I began and finished Ruth Ware’s The Woman in Cabin 10 in three days. That should tell you something. This book was the second in my November Book of the Month Club box and I finally had a chance to read it. Late, I know.
The Woman In Cabin 10 is a mystery novel by Ruth Ware. Set on a small luxury cruise ship, the story details how Lo Blacklock is thrust into a cover-up. The story begins with Lo’s house being burgled. When she gets on the cruise ship, to write up a review for work, she is tired and anxious having not slept well for days. She didn’t want to come but this could be her big break at work so, she forces herself to put on a smile and schmooze like the rest of the passengers. That first night she hears a scream and a splash and then sees blood on the partition separating her veranda from the next one over. She is scared and angry but she wants justice for the woman in cabin 10, a woman everyone claims doesn’t exist. Cabin 10 is cleared out, there is no blood and there is no evidence but Lo knows…at least she thinks she does. On board a ship in international waters without internet or cell service, Lo can’t contact anyone and the crew does its best to make Lo feel like she dreamed it all.
Ware includes inserts including media, emails and more, all taking place days after Lo’s expedition begins. These inserts take us for a spin as Ware guides us by the nose straight towards red herrings.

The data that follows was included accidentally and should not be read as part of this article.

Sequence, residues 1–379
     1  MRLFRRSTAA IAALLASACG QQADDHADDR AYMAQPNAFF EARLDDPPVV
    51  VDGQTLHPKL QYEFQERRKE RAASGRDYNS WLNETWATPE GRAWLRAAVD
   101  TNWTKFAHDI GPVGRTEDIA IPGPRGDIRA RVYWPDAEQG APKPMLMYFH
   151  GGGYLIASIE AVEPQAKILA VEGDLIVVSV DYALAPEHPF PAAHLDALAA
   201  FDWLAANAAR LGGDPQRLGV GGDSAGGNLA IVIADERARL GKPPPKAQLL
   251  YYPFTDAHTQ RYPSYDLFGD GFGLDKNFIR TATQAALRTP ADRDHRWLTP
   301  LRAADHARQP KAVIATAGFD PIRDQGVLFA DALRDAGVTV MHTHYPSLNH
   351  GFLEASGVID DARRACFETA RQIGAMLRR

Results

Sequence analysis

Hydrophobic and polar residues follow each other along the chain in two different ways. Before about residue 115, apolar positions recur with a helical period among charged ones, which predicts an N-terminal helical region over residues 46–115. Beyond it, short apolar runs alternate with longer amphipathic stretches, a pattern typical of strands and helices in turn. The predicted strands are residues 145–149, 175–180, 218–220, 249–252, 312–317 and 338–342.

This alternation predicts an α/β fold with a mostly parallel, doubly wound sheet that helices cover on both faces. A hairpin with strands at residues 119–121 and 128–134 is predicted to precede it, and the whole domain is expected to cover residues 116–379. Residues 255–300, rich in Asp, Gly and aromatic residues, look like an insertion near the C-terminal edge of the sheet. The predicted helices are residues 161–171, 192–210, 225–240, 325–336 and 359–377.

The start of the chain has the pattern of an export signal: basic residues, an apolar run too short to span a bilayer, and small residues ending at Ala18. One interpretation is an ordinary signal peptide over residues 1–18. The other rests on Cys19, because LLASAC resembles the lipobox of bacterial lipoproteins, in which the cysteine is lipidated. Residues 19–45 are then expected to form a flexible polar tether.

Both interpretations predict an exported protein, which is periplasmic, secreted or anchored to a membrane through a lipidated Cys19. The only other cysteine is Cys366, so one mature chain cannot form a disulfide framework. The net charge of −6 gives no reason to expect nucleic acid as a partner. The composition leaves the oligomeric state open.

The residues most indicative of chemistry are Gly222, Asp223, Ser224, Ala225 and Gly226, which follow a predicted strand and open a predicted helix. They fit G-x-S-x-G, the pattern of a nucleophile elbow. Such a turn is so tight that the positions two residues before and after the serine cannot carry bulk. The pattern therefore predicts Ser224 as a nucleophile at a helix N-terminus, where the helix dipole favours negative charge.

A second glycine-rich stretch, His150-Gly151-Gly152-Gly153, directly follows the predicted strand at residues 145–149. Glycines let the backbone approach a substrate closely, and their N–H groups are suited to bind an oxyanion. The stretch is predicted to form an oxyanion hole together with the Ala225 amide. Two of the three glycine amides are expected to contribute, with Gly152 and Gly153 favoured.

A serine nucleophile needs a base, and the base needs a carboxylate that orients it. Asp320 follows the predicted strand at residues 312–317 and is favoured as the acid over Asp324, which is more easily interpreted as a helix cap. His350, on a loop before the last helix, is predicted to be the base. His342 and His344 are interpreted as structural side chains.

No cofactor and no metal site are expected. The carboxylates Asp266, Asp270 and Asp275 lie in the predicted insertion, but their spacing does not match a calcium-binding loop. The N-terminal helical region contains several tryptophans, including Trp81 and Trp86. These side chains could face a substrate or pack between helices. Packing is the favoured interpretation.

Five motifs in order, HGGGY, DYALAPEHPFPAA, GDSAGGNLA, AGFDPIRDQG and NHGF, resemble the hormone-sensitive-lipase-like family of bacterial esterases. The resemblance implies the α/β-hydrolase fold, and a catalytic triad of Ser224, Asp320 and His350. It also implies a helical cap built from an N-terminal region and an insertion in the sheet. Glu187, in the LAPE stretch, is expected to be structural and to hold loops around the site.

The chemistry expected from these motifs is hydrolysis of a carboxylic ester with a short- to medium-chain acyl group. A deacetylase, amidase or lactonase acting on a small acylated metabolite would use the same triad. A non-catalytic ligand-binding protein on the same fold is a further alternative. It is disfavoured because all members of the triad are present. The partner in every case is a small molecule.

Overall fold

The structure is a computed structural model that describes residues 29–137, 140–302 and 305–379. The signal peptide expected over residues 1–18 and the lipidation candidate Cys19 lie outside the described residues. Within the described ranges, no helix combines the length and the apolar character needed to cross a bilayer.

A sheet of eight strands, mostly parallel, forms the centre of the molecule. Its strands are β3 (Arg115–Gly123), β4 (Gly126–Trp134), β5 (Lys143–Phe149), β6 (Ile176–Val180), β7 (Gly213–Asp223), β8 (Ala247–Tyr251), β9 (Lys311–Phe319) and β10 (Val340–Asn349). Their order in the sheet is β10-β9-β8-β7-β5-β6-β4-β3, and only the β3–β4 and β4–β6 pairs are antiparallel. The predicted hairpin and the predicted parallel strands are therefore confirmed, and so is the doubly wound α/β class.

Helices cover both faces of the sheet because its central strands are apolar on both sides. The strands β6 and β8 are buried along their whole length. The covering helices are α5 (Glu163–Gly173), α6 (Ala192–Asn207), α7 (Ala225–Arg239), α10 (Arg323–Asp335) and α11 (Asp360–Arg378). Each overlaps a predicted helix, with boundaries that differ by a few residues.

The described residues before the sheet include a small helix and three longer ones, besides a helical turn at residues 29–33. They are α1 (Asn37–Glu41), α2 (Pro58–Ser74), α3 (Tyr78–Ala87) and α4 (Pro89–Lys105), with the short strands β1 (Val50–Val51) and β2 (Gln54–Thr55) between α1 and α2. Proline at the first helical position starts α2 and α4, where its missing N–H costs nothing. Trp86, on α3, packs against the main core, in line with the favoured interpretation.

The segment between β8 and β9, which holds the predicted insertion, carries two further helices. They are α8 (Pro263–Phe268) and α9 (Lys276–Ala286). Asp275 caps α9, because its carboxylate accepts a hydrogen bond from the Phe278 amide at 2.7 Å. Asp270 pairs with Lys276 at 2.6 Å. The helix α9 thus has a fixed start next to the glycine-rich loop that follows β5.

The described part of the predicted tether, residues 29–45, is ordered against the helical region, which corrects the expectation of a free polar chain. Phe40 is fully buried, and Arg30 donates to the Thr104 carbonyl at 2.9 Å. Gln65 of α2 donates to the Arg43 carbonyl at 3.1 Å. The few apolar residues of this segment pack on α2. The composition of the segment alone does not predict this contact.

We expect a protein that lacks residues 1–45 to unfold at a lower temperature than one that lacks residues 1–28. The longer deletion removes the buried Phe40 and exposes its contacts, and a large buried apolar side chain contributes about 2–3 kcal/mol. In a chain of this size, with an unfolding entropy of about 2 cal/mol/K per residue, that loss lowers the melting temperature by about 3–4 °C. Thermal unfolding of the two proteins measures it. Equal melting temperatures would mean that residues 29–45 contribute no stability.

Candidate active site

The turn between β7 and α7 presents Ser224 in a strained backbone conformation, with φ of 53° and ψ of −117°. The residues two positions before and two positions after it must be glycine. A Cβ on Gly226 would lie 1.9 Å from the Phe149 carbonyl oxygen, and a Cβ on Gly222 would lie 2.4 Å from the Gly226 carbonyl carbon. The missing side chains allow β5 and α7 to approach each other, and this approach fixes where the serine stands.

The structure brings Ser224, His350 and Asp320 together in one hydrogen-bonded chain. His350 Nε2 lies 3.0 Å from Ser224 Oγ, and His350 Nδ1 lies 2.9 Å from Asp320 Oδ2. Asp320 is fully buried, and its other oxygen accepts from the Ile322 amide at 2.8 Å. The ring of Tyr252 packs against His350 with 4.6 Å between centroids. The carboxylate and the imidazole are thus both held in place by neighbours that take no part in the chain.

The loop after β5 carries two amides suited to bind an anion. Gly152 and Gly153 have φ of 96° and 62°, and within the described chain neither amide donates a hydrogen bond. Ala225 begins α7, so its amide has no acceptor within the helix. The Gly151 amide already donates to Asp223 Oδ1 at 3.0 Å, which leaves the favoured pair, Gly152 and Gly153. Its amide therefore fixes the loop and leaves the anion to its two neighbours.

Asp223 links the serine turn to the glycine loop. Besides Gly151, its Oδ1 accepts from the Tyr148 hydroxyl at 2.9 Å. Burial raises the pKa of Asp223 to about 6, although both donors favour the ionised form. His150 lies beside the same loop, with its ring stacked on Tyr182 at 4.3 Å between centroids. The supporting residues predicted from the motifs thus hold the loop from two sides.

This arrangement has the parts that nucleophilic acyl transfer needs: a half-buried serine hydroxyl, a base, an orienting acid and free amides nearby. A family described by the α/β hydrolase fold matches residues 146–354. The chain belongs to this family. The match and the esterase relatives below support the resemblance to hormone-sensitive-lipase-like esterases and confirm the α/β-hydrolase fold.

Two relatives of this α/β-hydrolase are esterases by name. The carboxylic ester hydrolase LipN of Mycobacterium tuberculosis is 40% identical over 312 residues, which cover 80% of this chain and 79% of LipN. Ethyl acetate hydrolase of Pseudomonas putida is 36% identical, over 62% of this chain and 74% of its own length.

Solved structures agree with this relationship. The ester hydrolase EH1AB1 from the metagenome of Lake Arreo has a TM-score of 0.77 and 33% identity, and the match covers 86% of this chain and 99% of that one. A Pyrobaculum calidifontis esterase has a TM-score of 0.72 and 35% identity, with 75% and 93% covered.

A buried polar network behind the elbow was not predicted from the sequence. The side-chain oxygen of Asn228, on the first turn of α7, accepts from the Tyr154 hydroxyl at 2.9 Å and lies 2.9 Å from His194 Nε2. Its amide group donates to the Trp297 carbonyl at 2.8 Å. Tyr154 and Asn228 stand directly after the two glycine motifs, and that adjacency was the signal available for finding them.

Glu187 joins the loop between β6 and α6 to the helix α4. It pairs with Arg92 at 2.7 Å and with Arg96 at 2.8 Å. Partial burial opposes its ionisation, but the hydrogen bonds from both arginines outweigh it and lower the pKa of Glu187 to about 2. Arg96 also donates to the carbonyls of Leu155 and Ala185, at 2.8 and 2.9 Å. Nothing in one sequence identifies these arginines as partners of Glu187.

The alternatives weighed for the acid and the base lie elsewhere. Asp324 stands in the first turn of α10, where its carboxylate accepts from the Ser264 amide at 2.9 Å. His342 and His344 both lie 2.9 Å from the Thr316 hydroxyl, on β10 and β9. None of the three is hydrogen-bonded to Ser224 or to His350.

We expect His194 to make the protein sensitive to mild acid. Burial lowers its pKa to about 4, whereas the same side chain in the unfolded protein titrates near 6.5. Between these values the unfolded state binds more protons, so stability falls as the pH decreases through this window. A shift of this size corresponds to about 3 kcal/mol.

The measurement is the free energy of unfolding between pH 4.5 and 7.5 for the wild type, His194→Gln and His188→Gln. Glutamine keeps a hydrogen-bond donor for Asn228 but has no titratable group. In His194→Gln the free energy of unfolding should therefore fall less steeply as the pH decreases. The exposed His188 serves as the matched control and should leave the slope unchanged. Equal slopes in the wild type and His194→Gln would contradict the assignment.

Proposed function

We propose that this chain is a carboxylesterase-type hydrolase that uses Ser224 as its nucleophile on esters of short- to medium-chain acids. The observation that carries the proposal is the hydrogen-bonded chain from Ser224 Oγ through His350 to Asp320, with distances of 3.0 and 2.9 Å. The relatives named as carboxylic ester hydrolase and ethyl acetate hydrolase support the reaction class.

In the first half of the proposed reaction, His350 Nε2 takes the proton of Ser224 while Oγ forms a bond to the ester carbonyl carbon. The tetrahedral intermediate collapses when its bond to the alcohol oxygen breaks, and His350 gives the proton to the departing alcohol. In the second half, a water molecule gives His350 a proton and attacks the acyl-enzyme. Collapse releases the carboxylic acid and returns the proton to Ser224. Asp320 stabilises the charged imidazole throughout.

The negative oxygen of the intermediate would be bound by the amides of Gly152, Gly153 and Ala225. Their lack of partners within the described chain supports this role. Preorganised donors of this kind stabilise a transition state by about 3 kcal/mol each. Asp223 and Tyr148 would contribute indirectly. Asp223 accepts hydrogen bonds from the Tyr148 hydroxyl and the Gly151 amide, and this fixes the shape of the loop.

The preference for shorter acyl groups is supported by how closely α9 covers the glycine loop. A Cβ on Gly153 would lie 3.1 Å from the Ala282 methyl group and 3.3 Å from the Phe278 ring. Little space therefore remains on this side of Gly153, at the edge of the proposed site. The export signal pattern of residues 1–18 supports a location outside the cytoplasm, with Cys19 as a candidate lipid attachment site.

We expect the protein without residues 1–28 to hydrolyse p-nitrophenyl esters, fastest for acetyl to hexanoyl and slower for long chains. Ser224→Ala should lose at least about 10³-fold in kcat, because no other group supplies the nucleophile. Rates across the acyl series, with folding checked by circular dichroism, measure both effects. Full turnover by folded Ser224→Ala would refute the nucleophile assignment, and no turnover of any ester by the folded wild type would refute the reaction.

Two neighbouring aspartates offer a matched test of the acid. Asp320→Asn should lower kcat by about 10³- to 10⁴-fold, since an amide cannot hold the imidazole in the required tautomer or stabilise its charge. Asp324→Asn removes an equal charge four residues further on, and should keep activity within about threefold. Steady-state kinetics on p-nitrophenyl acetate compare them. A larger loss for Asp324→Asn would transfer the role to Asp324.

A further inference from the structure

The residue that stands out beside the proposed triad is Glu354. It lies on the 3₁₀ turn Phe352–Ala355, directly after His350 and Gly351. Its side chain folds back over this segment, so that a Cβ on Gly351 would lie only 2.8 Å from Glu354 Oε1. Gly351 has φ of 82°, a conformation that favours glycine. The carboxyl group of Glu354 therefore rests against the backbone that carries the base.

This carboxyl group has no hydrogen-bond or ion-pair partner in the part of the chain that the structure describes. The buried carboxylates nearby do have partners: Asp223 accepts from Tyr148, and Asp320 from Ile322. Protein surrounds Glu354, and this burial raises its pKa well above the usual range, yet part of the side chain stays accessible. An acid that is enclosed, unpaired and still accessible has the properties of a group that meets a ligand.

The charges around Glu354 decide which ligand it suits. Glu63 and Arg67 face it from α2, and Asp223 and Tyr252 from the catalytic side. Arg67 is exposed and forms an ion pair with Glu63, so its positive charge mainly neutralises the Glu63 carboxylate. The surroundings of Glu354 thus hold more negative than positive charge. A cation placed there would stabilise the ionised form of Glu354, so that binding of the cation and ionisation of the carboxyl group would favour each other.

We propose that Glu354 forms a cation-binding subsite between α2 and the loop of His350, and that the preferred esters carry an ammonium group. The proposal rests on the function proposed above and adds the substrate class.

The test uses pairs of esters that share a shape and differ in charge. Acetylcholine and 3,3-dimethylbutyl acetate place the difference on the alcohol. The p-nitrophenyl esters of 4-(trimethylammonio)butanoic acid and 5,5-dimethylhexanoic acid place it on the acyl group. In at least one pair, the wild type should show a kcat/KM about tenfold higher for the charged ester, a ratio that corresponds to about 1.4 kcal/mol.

Photo Courtesy of Fantastic Fiction
Fave Quote: “And I thought, There is a murderer on this boat. And no one knows but me” (103).
Overall, I really enjoyed this novel. It did take me getting past page 100 for me to really enjoy it but after a while, I couldn’t put it down. I really enjoyed the way that I felt the same terror Lo Blacklock was experiencing. Ware has a way with description and I not only pictured the rooms in the ship, I was there with the characters as they stared at Lo with pity and disbelief. She was on medication and she’d been drinking, even the Norwegian crew members who didn’t speak English doubted her. Investigating on her own, trying to prove she’s not crazy. I think it is Lo’s characterization that propelled me forward. What this novel taught me was that paranoia is very, very useful.
Star Rating: 4/5
Have you read any of Ruth Ware’s work? I’m always looking for new books to add to my TBR so feel free to leave your favorite in the comments!
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